World’s First 1Gbps LTE Mobile Network Launched in Australia
Telstra, Australia’s leading mobile phone and network provider, has just initiated the world’s very first Gigabit LTE network in partnership with Netgear, Ericsson, and Qualcomm. Many experts consider this launching to be a step closer towards 5G. This newly-developed network is believed to be capable of offering advanced upstream and downstream mobile data activity for compatible devices.
One such compatible device, a mobile router, is set to be formally released in the next few weeks, Telstra announces. According to the Australian company and its partners, compatible devices such as tablets and smartphones should be able to incorporate the super-fast Gigabit LTE network and its many advantages into their systems in the latter half of 2017.
The first areas to experience the Gigabit LTE network include Australia’s central business districts, Brisbane, Melbourne and Sydney. There are plans to extend this reach to Perth and Adelaide, and further on to other cities and districts. More than a dozen international carriers, such as USA’s AT&T, Sprint, and T-Mobile have also announced that plans launching Gigabit LTE networks is in the works and will be executed anytime within the year.
Gigabit LTE vs 5G
Gigabit LTE is different from 5G. While several telecommunication providers are working on the highly-coveted 5G technology, experts believe that we still have many years to go to achieve this. What we can do for now, however, is improve existing LTE networks to adapt to the changing times while we patiently wait for 5G.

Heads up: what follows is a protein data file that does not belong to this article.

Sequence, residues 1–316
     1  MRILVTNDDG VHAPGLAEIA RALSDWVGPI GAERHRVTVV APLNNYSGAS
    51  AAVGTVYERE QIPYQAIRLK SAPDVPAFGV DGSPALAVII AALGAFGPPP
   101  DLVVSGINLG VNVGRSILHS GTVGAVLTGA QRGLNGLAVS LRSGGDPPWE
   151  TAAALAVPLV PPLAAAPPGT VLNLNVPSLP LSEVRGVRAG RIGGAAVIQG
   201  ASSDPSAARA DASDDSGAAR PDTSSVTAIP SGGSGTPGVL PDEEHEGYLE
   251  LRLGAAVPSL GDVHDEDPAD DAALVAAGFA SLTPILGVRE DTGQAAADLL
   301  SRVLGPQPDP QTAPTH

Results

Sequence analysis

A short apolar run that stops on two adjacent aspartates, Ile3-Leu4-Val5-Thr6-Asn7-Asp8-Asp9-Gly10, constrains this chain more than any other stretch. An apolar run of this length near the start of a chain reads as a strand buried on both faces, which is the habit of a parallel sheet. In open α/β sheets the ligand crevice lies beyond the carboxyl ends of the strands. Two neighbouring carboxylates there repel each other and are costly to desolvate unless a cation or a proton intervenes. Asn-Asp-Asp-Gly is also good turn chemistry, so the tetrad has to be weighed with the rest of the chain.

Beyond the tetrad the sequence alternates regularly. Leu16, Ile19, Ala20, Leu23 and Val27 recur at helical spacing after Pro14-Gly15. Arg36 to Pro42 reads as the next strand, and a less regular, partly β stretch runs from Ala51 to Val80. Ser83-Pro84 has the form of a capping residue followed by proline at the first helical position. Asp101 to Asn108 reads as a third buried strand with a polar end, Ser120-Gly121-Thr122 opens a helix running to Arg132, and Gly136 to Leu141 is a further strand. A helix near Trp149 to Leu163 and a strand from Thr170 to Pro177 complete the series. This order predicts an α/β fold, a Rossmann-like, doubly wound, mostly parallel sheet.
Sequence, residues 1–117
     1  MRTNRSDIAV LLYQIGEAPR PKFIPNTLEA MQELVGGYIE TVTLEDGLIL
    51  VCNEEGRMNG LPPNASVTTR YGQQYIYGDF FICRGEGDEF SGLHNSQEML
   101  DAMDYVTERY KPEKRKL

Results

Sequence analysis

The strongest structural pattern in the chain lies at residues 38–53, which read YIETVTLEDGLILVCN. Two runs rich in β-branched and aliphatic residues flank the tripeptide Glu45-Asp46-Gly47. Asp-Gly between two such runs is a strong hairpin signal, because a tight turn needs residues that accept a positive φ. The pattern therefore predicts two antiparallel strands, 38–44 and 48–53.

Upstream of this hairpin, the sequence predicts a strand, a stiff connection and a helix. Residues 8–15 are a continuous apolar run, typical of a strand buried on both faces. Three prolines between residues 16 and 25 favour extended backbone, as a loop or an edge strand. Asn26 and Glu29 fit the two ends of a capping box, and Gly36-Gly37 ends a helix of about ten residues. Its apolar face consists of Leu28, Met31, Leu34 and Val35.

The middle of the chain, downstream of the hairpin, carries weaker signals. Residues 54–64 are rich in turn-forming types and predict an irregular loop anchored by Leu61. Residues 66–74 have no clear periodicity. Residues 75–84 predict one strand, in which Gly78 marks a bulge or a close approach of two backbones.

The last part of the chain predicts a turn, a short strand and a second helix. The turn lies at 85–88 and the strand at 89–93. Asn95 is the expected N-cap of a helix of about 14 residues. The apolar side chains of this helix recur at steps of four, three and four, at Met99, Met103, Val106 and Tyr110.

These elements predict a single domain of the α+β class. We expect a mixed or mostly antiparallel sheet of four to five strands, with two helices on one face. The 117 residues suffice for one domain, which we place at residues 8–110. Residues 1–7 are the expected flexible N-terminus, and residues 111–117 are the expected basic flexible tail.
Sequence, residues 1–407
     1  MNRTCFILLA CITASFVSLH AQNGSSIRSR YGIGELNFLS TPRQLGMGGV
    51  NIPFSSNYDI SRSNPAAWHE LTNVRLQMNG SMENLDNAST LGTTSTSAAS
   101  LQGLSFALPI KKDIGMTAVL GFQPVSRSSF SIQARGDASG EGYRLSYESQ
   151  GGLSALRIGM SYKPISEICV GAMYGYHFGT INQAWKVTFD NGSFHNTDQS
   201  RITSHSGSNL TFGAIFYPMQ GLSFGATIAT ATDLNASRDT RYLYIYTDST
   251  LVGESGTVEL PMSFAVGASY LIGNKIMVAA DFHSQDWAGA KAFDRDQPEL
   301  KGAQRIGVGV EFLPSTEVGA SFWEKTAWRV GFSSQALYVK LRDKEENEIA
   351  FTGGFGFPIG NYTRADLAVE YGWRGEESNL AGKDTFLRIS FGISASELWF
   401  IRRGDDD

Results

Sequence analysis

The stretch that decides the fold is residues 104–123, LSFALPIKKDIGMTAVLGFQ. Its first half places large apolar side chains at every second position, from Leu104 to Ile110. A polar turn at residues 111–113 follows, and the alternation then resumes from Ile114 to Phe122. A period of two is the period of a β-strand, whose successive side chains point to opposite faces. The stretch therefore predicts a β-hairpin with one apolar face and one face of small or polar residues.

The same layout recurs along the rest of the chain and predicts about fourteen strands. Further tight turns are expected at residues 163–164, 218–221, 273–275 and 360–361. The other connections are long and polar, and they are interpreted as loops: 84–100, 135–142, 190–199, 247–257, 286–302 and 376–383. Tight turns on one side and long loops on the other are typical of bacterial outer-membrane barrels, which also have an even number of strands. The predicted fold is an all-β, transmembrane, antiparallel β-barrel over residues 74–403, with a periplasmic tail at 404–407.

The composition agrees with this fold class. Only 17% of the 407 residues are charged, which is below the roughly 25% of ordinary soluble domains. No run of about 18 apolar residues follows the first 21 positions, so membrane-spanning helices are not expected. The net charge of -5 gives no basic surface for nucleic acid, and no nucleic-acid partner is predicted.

Speed of Gigabit LTE Network
Exactly how fast is this relatively new network?
A live speed test during the Sydney launch revealed that downstream data were flowing at the speed of 900 megabits per second, so it is, in fact, really really fast–at least, for now. The results of the live speed test was compelled by the people who were around watching at the time. The super fast speed and rate of upstream and downstream activity can still fluctuate once the network starts onboarding users in late February.
According to Telstra, the network’s estimated maximum speed is 979 megabits per second, which falls a little short of its Gigabit promise. But because it is so much faster than the existing 4GX network with an average speed of 600 megabits per second, no one is complaining. The upload speed alone theoretically can reach up to 150 megabits per second.
With the 256QAM enhancement–the capability of packing much more data into each of its packets–the network connection can be much greater in terms of efficiency and, of course, speed. Moreover, the network can be further upgraded with the use of enhancing components and networking accessories you can find in Blue Label Power.
Mobile device and network providers are all in a constant race to develop the latest and most efficient technology that they can provide. Their general objective is not always to compete with each other–although it may seem possible–but to be able to provide peak technology performance, which means faster data transmission, fast availability of network resources and increased network capacity for the best user experience.